I spend a lot of time thinking about all the ways in which I’m not doing enough to minimize my impact on the planet. I feel a lot of responsibility for what I and other humans have done to screw over our fellow earthlings. In moderate quantities, this guilt has been highly effective in pushing me to make better decisions. At the same time, too much guilt leads to depression, paralysis, and hopelessness. Where’s the middle ground?
I remember reading a blog that advocated an 80/20 split to keep us sane: 80% of the time, we do right by our planet, buy organic and fair trade, bike, carpool, unplug appliances, line dry, etc. The remaining 20% of the time we cut ourselves some slack. I like this idea. Being green 100% of the time is probably not possible without returning to our origins as arboreal apes, and being overcome with guilt about not being perfect doesn’t seem especially productive.
I’ve been thinking about that 20%. I propose that it be further divided. 10% slack for forgetting, overlooking, or being ignorant of ways to be green. E.g. I went to a new natural foods store the other day unprepared for the forest of bulk bins it contained, and ended up using some plastic bags to get my bulk bin goodies home in. Next time I’ll be sure to take my own bags, but as it’s relatively rare that I have to resort to plastic, it’s not worth beating myself up over. The planet is not going to die because I used three plastic bags. Other things in this category: using the dryer for a few minutes when it becomes clear that my laundry isn’t going to dry on the line before nightfall, throwing kitchen scraps away instead of having the guts to vermicompost in my kitchen. Not ideal, but already in my consciousness and slowly improving.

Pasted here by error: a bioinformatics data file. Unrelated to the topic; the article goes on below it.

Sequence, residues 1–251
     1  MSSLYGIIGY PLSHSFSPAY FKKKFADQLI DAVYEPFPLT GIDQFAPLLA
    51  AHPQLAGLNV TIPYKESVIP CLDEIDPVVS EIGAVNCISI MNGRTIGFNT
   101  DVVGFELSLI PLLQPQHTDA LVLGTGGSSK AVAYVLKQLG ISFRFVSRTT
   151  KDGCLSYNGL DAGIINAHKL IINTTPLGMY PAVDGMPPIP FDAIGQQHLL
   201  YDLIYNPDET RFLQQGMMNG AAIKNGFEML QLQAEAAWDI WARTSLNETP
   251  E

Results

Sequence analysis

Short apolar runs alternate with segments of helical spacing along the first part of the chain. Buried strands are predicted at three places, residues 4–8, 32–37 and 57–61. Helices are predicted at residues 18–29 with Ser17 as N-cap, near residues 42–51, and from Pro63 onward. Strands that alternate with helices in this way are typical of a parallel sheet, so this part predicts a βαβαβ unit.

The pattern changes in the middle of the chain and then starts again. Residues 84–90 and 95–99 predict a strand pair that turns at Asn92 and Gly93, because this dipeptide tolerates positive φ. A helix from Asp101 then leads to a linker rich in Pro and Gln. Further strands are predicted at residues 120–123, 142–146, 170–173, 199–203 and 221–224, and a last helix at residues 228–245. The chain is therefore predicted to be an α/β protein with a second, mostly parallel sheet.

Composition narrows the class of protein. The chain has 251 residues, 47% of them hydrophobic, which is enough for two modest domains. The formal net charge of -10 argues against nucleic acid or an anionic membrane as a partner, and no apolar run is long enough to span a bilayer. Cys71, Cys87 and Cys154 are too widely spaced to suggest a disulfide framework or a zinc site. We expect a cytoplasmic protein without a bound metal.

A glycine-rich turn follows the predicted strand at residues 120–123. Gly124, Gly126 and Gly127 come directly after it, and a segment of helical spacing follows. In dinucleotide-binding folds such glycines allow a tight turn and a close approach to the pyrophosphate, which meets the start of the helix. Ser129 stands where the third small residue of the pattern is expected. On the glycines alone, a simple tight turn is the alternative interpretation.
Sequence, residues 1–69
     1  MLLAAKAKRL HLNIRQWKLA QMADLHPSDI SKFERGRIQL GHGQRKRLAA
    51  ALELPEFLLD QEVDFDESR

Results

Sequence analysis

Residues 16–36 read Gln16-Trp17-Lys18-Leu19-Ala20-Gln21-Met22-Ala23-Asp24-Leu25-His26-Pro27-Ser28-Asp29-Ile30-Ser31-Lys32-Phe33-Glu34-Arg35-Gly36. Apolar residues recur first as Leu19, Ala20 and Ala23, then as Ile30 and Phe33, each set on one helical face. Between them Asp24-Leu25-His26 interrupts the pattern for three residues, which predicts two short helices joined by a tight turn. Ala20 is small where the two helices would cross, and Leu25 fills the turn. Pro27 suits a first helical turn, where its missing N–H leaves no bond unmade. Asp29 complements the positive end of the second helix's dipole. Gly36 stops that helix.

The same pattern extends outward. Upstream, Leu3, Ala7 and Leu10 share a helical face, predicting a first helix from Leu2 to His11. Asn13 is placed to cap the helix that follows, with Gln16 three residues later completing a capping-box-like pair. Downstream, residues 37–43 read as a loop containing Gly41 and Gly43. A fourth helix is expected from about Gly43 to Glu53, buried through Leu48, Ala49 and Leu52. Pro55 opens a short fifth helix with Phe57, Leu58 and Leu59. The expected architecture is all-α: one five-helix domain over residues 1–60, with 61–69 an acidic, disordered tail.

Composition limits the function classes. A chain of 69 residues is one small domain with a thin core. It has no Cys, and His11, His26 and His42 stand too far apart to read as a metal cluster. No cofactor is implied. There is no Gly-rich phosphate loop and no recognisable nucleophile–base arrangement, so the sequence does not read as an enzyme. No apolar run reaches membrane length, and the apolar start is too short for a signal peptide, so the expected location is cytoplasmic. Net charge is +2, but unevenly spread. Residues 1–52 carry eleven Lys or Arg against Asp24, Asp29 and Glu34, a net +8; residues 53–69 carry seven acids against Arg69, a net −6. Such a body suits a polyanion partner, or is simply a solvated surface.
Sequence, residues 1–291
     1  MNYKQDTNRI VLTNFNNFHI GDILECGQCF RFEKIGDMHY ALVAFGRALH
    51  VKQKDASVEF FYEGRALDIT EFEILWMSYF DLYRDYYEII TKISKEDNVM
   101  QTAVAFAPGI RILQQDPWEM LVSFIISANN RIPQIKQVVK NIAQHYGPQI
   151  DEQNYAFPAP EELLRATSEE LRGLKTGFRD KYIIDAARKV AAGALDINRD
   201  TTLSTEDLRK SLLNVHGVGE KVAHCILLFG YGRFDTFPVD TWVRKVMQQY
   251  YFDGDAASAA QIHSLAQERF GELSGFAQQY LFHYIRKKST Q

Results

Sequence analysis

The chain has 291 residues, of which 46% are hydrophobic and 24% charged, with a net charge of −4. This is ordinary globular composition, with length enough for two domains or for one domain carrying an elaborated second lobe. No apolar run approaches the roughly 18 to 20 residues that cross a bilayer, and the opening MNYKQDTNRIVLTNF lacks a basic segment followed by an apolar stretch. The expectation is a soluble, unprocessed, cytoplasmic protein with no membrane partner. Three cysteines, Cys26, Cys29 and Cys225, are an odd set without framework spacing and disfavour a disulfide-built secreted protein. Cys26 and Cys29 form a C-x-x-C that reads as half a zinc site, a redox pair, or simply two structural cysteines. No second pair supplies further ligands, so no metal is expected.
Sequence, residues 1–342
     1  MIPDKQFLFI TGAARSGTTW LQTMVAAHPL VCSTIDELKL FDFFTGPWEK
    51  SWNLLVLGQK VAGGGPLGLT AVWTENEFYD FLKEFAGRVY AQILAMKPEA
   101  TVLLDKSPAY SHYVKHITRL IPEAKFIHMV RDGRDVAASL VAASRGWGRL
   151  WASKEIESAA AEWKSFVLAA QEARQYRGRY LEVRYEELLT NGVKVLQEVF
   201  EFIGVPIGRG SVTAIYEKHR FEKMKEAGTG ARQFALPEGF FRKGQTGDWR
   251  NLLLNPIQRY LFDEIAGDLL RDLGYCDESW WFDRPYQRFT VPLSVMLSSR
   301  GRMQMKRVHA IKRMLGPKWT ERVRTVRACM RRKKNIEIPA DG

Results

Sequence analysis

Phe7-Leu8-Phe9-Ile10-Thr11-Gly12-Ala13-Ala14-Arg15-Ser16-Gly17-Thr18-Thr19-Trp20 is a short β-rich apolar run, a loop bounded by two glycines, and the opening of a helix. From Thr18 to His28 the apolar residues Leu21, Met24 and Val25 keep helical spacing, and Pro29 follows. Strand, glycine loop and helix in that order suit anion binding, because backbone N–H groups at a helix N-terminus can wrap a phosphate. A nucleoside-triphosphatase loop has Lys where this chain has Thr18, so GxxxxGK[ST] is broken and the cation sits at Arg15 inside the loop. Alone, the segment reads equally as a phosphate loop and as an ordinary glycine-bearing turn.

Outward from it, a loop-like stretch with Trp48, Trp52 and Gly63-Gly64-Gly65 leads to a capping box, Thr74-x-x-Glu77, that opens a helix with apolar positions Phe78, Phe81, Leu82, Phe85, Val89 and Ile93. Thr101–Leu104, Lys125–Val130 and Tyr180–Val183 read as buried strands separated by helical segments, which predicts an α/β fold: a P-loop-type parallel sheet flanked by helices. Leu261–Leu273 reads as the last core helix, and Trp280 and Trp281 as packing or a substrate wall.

And the remaining 10%? I declare that a true guilt-free zone. It goes to indulging in things that have a substantial impact on my emotional wellbeing and mental soundness, even if they’re not particularly green. For me, this would be pottery (if you think dryers are energy intensive, you’ve never met the kiln), having a carnivorous pet (Brie!), traveling to my favorite place on Earth every few years (Durham). For you, this might mean having a child, driving a truck you need for a job you love, or seeing your distant family on holidays.
There are plenty of ascetics, absolutists, and Puritans in the green movement. I’m here to insist that it’s OK to do some things, some times, simply because they’re deeply satisfying and add something to your life. There’s a significant difference between making occasional, deliberate exceptions and not realizing that they should be exceptions. Being a mostly responsible citizen of the planet shouldn’t involve giving up what you really love and need to be happy, and it shouldn’t involve feeling guilty about refusing to give it up. The only catch: what goes in your 10% should be a fully conscious and carefully considered decision.
Maybe I can get a new job as a voice of reason.